Serendipity — the accidental discovery of unsought good fortune — is a relatively modern word. It was coined from the old Persian tale of The Three Princes of Serendip, whose father sent them out into the world to test their mettle, and whose good fortune derived as much from careful deduction as from chance.
Our lives are filled with serendipitous events — those coincidental intersections of people and place, of timely help coming out of the blue, perhaps a random thought that helps solve a problem, or the innumerable "small world" stories which show how closely linked we are with one another — each affording a startling, sometimes wondrous glimpse of life's hidden patterns.
If chance is but a synonym for unseen causes, we might pause to reflect on these thought-provoking gifts and ask ourselves if they are as accidental as they might appear. Or are they also sacred reminders of our intimate connection with all that lives in a world rich with benevolent purpose, if we could see beyond its imperfections?
Writing to a group of London theosophists in 1887, H. P. Blavatsky urged each of them to pay attention to the unfolding chain of cause and effect in their lives, especially the "casualities and little events, the working of these might alone [reveal] to you a guiding Hand." For those who try to read and intuitively deduce this unfolding karma, "there are no more meaningless or trifling circumstances in his life, for each is a link purposely placed in the chain of events that have to lead him forward to the 'Golden Gate,' or the Gates of Gold. Each step, each person he meets with, every word uttered, may be a word purposely placed in the day's sentence with the purpose of giving certain importance to the chapter it belongs to, and each or another (Karmic) meaning to the volume of life."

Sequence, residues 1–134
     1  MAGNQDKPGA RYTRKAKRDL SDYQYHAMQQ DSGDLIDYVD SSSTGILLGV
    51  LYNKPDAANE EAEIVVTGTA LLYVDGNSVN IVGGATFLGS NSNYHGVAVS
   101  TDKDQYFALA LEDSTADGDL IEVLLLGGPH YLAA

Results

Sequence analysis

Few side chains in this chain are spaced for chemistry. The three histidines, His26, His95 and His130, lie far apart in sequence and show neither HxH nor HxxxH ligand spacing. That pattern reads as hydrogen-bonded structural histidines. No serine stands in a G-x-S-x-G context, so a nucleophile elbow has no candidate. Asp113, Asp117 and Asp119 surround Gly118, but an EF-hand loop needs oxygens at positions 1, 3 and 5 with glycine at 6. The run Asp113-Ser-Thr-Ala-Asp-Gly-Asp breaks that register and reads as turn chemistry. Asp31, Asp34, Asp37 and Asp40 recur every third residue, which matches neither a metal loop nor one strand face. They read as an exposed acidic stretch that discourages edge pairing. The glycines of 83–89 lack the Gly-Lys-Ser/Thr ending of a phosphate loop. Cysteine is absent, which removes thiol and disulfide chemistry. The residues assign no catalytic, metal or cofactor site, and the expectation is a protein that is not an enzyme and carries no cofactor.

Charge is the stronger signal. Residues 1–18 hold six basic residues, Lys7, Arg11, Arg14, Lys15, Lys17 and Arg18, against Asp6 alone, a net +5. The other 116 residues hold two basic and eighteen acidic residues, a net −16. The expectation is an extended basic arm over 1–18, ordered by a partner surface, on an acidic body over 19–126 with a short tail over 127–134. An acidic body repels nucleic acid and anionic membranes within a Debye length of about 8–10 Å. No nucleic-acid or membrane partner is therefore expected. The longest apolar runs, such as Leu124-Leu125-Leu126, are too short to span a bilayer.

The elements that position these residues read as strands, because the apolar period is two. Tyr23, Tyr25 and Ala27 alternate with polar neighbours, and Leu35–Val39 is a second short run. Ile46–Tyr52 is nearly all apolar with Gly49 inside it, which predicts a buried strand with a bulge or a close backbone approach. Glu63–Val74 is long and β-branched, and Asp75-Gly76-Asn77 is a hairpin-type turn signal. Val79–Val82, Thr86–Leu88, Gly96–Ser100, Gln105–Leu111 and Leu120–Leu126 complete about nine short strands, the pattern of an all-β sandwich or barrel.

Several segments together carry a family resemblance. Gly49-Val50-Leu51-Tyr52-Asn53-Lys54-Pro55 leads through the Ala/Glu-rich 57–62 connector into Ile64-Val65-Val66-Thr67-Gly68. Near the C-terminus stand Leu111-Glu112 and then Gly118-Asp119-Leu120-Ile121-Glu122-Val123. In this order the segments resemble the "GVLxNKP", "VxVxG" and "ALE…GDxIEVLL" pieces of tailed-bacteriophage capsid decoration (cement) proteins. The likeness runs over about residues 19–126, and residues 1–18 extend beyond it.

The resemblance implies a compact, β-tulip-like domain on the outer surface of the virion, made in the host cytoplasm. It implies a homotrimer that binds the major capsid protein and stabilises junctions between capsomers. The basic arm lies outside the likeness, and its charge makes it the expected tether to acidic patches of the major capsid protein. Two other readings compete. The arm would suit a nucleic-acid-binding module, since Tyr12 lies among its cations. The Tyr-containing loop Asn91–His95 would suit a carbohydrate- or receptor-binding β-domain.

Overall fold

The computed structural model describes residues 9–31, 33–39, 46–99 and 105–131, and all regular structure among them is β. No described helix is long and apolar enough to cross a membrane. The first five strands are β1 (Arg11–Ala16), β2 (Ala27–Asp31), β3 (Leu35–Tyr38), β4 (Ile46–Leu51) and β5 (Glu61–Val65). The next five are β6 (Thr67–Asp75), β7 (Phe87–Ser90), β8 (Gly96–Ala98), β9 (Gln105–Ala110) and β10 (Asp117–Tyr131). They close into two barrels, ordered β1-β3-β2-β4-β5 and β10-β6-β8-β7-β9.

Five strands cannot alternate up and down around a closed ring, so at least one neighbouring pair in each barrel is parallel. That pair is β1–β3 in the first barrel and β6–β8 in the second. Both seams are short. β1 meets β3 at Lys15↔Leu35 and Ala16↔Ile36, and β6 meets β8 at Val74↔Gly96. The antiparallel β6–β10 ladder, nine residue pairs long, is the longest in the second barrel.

However challenging our circumstances may be, with a few moments of daily reflection we may begin to see and feel the serendipity — the unsought gifts of "good fortune" — and discover within ourselves an enduring confidence and trust in the sacred in our lives.
(From Sunrise magazine, April/May 2005; copyright © 2005 Theosophical University Press)